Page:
Eaton S. Lothrop Jr. ’51, who taught high school science for 43 years, died September 21, 2008.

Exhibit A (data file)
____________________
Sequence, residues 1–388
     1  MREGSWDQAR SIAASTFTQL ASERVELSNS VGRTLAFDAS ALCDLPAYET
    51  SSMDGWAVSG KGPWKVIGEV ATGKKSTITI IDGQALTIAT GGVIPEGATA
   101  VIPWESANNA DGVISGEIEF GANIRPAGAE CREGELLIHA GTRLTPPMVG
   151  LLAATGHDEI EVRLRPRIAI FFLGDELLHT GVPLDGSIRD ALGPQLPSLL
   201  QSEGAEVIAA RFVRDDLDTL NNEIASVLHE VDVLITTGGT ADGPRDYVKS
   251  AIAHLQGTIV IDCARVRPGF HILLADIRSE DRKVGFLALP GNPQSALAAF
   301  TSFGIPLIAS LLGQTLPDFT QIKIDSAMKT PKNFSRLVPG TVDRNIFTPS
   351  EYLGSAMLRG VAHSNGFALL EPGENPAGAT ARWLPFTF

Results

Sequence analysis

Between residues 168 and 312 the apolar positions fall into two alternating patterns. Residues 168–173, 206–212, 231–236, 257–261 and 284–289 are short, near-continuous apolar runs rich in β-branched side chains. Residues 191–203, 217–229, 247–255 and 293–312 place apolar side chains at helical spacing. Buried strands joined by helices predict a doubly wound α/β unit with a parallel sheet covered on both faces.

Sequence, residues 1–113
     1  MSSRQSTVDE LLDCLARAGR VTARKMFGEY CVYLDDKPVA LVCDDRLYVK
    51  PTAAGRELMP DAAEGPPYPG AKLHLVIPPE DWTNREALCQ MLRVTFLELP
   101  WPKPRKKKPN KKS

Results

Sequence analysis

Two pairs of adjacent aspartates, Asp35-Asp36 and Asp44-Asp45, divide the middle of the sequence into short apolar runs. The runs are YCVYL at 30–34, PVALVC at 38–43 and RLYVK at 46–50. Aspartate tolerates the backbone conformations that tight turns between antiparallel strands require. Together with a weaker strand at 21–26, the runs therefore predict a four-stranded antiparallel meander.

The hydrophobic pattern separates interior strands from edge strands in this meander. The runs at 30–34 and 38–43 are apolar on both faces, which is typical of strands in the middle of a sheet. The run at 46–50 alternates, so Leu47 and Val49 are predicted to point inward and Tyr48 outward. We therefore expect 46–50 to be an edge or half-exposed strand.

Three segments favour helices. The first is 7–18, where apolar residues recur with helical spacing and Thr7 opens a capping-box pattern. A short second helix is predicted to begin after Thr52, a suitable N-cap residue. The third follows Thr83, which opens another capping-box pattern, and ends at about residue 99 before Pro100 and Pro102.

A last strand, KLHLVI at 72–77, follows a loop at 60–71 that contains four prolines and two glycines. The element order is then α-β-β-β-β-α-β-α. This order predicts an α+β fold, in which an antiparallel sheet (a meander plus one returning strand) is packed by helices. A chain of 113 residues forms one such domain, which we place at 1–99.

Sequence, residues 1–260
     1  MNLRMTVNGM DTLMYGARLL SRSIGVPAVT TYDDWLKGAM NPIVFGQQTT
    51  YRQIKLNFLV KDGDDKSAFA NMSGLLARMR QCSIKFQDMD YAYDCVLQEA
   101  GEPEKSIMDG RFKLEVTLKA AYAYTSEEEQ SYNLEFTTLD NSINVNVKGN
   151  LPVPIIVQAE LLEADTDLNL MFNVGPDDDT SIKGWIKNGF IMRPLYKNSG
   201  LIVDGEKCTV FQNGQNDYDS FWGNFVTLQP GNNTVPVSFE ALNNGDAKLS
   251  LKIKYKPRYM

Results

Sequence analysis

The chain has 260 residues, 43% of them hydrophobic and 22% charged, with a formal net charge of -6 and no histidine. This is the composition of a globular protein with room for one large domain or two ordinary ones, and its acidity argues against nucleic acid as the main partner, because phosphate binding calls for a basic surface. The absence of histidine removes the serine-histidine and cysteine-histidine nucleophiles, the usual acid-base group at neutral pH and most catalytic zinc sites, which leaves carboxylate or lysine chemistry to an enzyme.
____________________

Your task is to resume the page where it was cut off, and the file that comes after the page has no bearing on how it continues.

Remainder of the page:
Eaton S. Lothrop Jr. ’51, who taught high school science for 43 years, died September 21, 2008. He was born on April 18, 1930, in Portland, son of the late Eaton S. Lothrop ’23. He prepared for college at Cape Elizabeth High School, and was a member of Alpha Delta Phi fraternity at Bowdoin. He earned his master’s degree at Columbia University in 1957 and spent 1965 studying geology at the South Dakota School of Mines and Technology. After graduating, he was hired as a teaching fellow in biology at Bowdoin, where he taught from 1952 to 1954. He spent the next 41 years teaching science at the Collegiate School, a private boys’ school in New York City. In addition to science, his passion was the history of photography and cameras. He wrote the “Time Exposure” column as a contributing editor of Popular Photography for 18 years and authored several books: A Century of Cameras in 1973, De Deheimkameras (The Secret Cameras) in 1978, Cyclone and Related Cameras in 1994 and The History of Photography as Seen Through the Spira Collection in 2001. He also co-authored “Photographic Advertising from A-Z” in 1977. He was a member of the Photographic Historical Society of New York and served as a director from 1969 to 1971. He served as president of the Photographic Historical Society of America from 1974 to 1976 and as editor of the “Photographic Collectors’ Newsletter.” He is survived by daughter Susan Fales and son Scott Alexander Lothrop.